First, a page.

Rob’s team deployed to Afghanistan in August 2006. In less than a month, the team was ambushed just a half mile from where Rob’s life would eventually end 18 months later. Many such engagements followed, Rob surviving and learning from each.
By the time the team rotated back to Fort Bragg, Rob had received two Army Commendation Medals for valor. Sensing that he could use a little more seasoning and training, Rotsaert persuaded Rob to go to Ranger school, even traveling to Fort Benning to pin on Rob’s Ranger tab, a gesture of respect and pride from a senior NCO.
By January 2008, Rob and his team, ODA 3312, were back in Afghanistan’s Gowardesh Valley. Rob had a knack of making friends and positive impressions among the local Afghans he encountered. It wasn’t an easy task: the Nuristani tribes that live in the Valley are among the most hostile and xenophobic of the Afghan people. For centuries these fierce mountain people resisted conversion to Buddhism and Hinduism and fought wars against Muslims, preferring to worship their own pantheon of nature spirits. Alexander the Great and Tamerlane are but two of the conquerors who could not subdue the Nuristani.
Nevertheless, Rob won friends by showing them videos of snowboarding and telling them that their remote valley could one day become a tourist attraction. Rob particularly ingratiated himself with the locals by taking up the sport of Buzkashi. This is the violent national sport of Afghanistan where opposing teams of men on horseback seek to carry the carcass of a dead sheep or goat to the other’s goal line at the end of the field. There are no rules and riders regularly beat and whip each other, resorting to nearly any act to steal the dead carcass from an opponent and ride in the opposite direction.
After Rob’s death, several women in a nearby village wove a memorial carpet for him. His interpreter, Ibrahim, carved an elaborate wooden plaque saying, “You are not forgotten,” and signed, “Your friend, Ibrahim.” Both mementos hang in the Miller’s home in central Florida as does a photo of Rob on a wild-eyed Buzkashi horse in the middle of a Nuristani village.
On the night of Jan. 25, 2008, ODA 3312, led by Captain Bob Cusick, was ordered on a combat reconnaissance mission to check on enemy activity in the Chen Khar area. A mixed force of Afghan and U.S. Special Forces, totaling 25 in all, set out after dark in the bitter cold. They arrived at their target area, a natural choke point with high ridges rising steeply from the narrow river valley. Suddenly, the patrol was attacked by a group of about 100 insurgents.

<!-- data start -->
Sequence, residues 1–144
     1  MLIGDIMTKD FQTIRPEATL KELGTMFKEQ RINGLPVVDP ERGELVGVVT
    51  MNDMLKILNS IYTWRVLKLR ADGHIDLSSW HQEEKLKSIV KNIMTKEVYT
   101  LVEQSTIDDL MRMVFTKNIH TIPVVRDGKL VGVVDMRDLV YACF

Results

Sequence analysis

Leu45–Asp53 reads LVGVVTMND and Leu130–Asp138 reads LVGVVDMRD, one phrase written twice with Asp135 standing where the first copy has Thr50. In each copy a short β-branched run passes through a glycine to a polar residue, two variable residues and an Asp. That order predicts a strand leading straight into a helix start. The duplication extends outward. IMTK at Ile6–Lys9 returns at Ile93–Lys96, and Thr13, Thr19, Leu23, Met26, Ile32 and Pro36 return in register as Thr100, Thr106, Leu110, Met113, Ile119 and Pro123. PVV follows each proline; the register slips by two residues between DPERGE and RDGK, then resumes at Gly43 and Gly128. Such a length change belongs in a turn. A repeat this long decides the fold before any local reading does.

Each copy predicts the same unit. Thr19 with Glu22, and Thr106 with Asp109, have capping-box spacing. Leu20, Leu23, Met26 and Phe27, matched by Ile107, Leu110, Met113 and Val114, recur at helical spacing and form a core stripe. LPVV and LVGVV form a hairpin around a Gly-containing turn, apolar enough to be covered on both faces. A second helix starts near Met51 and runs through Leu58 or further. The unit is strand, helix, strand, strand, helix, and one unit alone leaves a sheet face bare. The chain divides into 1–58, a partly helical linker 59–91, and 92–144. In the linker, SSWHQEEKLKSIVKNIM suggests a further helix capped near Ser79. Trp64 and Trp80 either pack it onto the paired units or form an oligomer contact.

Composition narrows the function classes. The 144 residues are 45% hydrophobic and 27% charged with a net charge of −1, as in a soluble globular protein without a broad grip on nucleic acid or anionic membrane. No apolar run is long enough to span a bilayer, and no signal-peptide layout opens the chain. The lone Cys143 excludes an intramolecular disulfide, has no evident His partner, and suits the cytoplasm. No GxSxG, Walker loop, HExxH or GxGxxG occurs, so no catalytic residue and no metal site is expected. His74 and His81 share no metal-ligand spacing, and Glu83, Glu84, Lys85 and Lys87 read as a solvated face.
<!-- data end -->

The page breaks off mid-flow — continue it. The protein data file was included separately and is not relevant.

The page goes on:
Cusick and another American were seriously wounded early in the firefight, and the ailing captain ordered his forces to withdraw to a more defensible location. As the team’s point man, Miller surged forward into the gunfire, engaging several enemy positions located above and on three sides with his Squad Automatic Weapon (SAW), a light machine gun with a high rate of fire.
As he moved forward, an insurgent jumped up and shot Rob in the arm pit. Rob killed the attacker. Continuing to crawl forward through the snow and engaging the enemy on all sides, he attracted fire toward himself, allowing the rest of the Americans and Afghans to retreat to safe cover and administer first aid to their wounded.
For approximately 25 minutes, Rob continued firing and calling in the locations of enemy positions so they could be attacked by air support. After throwing three hand grenades and expending all of his ammunition, Rob was wounded a second time.
Two fellow sergeants embarked to rescue Rob. When they reached their wounded colleague, Rob looked up briefly with a smile, then expired.
In all, Rob killed 16 insurgents and wounded 30 others by himself, holding his ground until U.S. air attacks and a quick reaction ground force decimated the remaining insurgents.
Cusick, now a major, remembers the night poignantly. “Every day when I dry off after my shower I see my scars and thank Robbie,” he says
During Rob’s funeral on Feb. 2, 2008 at the family’s church in central Florida, a pair of eagles appeared high above the church and circled several times before flying off together to the west. Rob Miller was Special.
For his actions, in the Gowardesh Valley, SSG Miller was posthumously awarded the Congressional Medal of Honor, our nation’s highest military award. Rob’s parents and siblings, accompanied by members of ODA 3312, accepted the award on Rob’s behalf at a White House ceremony on Oct. 6, 2010.
To view the battlescape go to: